The cover of this week's Village Voice is arresting. Beautiful red, brown and white hues. They're using a larger, cleaner typeface—hated that Helvetica—and the piece de resistance is an absolutely angelic image of singer Diamanda Galas lensed by Tina Zimmer. But if you can manage to look away from this visual buffet for just one moment, right below her headline is the tease for another essay that you'll probably enjoy much more: Gay Friendly, Kanye West and Louis Farrakhan.
Kanye and Farrakhan are just two of the personalities profiled in A Darker Shade of Pink by Aina Hunter. "New signs of gay friendliness among African Americans" is the central premise, and it's one of the better recent offerings on the subject. Hunter's essay comprehensively evaluates the contemporary yet unilateral gay-friendlier messages being promoted by Kanye West, Minister Louis Farrakhan and the Rev. Al Sharpton, with assists from Congressman Charles Rangel and others.
Farrakhan's message of inclusion to gays and the National Black Justice Coalition is the natural springboard here. Keith Boykin announced that historic memo last week; so the writer uses Farrakhan's overture to frame her story. Keith: "This could signal a turning point in our community," We are seeing an unprecedented discussion about sexuality in the black community. I'm confident that 20 to 30 years from now we will look at homophobia in the same light that we now look at racism." More from Keith here, in his review of the Voice essay.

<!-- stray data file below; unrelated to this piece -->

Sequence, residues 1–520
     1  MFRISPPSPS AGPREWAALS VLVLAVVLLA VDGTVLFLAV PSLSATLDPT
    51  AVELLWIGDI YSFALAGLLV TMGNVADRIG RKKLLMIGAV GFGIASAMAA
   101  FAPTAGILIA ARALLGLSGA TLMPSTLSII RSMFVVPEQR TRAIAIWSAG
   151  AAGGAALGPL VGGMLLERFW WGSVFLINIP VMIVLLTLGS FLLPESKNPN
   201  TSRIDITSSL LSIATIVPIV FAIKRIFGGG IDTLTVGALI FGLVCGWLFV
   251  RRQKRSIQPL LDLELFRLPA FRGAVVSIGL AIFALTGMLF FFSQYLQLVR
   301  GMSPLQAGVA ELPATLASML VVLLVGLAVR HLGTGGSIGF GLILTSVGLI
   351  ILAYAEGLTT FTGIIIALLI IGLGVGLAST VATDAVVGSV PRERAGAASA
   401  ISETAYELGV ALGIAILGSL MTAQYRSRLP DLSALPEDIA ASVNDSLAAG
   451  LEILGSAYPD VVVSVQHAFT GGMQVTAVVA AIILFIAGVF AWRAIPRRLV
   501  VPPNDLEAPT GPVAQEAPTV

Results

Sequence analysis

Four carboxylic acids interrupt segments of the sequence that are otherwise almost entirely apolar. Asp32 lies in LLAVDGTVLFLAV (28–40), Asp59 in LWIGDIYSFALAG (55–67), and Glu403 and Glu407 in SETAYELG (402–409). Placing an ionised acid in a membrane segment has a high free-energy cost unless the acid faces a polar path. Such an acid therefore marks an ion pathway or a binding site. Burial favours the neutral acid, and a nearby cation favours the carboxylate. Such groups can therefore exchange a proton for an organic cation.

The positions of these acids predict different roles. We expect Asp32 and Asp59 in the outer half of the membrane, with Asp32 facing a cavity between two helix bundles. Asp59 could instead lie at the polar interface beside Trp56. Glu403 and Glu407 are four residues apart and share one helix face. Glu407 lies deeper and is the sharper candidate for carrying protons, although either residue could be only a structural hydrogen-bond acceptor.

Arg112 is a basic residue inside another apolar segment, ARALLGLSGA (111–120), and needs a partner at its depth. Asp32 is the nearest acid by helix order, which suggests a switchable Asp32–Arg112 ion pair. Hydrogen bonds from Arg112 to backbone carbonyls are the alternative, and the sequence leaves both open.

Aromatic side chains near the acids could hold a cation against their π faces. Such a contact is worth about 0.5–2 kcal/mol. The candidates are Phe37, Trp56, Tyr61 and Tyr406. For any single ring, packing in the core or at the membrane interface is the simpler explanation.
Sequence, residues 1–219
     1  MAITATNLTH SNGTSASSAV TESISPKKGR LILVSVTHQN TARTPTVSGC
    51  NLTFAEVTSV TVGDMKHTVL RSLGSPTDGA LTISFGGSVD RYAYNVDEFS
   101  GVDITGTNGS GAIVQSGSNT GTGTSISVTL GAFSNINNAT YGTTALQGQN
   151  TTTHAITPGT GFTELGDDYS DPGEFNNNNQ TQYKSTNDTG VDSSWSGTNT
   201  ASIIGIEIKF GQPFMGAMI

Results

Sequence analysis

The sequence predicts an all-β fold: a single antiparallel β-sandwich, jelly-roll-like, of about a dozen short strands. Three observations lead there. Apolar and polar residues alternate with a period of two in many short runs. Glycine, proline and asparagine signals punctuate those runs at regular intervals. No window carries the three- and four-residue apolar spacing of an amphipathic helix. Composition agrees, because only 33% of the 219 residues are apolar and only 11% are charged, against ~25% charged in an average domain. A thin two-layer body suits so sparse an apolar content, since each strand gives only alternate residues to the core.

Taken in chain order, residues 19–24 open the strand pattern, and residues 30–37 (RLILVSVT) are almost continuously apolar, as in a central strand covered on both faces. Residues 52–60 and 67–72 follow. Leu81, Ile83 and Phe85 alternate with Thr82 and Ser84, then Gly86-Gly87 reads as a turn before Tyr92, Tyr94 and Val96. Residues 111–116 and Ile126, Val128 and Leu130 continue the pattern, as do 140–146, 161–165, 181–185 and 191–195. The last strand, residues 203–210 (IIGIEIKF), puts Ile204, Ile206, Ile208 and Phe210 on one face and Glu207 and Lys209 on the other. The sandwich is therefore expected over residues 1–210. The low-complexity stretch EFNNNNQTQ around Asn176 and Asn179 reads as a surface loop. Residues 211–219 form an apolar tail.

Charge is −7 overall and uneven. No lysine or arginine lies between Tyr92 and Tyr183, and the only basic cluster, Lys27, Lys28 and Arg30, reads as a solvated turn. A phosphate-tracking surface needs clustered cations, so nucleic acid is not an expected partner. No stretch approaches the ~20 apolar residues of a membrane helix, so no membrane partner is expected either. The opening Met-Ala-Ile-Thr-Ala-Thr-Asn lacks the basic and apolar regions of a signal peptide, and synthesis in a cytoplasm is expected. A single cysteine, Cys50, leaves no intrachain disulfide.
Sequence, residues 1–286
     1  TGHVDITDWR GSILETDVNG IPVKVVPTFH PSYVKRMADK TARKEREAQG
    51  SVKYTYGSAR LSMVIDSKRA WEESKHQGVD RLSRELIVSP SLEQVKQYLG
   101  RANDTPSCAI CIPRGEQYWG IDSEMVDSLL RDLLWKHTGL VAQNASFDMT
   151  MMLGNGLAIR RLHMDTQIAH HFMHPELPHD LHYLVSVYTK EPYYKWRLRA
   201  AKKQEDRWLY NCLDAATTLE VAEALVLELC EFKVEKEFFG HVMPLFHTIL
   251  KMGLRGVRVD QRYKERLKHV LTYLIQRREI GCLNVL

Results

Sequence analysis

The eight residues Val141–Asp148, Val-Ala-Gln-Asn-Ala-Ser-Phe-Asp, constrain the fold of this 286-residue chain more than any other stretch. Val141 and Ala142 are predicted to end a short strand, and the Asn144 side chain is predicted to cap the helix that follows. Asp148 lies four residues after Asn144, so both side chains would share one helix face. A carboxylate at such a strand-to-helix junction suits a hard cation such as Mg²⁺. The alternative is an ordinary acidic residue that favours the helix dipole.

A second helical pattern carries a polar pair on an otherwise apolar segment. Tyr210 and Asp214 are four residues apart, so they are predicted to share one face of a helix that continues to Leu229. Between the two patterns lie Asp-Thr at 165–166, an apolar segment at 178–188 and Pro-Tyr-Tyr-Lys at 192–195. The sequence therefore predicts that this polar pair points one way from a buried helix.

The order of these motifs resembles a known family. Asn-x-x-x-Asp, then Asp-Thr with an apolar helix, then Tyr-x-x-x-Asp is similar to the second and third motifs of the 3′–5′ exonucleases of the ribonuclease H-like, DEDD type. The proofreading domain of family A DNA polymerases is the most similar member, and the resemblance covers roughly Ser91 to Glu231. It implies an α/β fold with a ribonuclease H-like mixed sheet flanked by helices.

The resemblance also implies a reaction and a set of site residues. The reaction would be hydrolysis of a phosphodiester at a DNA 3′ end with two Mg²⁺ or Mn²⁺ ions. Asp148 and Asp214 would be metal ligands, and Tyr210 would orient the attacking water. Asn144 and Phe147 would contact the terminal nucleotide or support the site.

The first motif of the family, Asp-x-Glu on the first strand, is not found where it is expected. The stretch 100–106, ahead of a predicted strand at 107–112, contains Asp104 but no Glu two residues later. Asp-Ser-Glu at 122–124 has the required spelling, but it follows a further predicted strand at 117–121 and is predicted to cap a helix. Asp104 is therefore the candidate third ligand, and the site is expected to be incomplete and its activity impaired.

A few days ago, you'll remember that we were somewhat underwhelmed by the AOL/Black Voices article on gays and the black church. Hunter's report in the Voice picks up where that article left off. Rangel suggests that church-sponsored homophobia is weakening because sometimes the gays are the church. "I know of at least one pastor who has died of AIDS—many more deacons. Homosexuals have always been a part of our churches, it just wasn't talked about. Ten, 20 years ago they were in the dark ages, in part because the African American gay community wasn't as aggressive in obtaining their rights as their white counterparts."
Kendal Brown is a Bay Area pastor, counselor and writer, who essays wonderfully at Pondering Negro. It's a weblog about the life, religion, politics and the African diaspora—in other words, much more serious than these pages. His theory: Much of this recent activism has been necessitated by the recent political climate. "Because of the diligent work of the religious right, the lines have been drawn and black clergy have been forced to come out of the closet in either staunch opposition or in support of same-gender relationships."
The Voice report is required reading. It doesn't suggest a fantastic, brave new world for black gays and straights; instead, it notes pockets of change and slow, steady progress. That's fine. It's exactly how wars are won, battle by battle.
A Darker Shade of Pink (Village Voice) Black Gays and Straights Come Together (Keith Boykin) Farrakhan Ends His Silence (Keith Boykin) City of Refuge (Pondering Negro) Kanye on Gay Bashing (Rod2.0) Is Hip Hop Homophobic? (Vibe)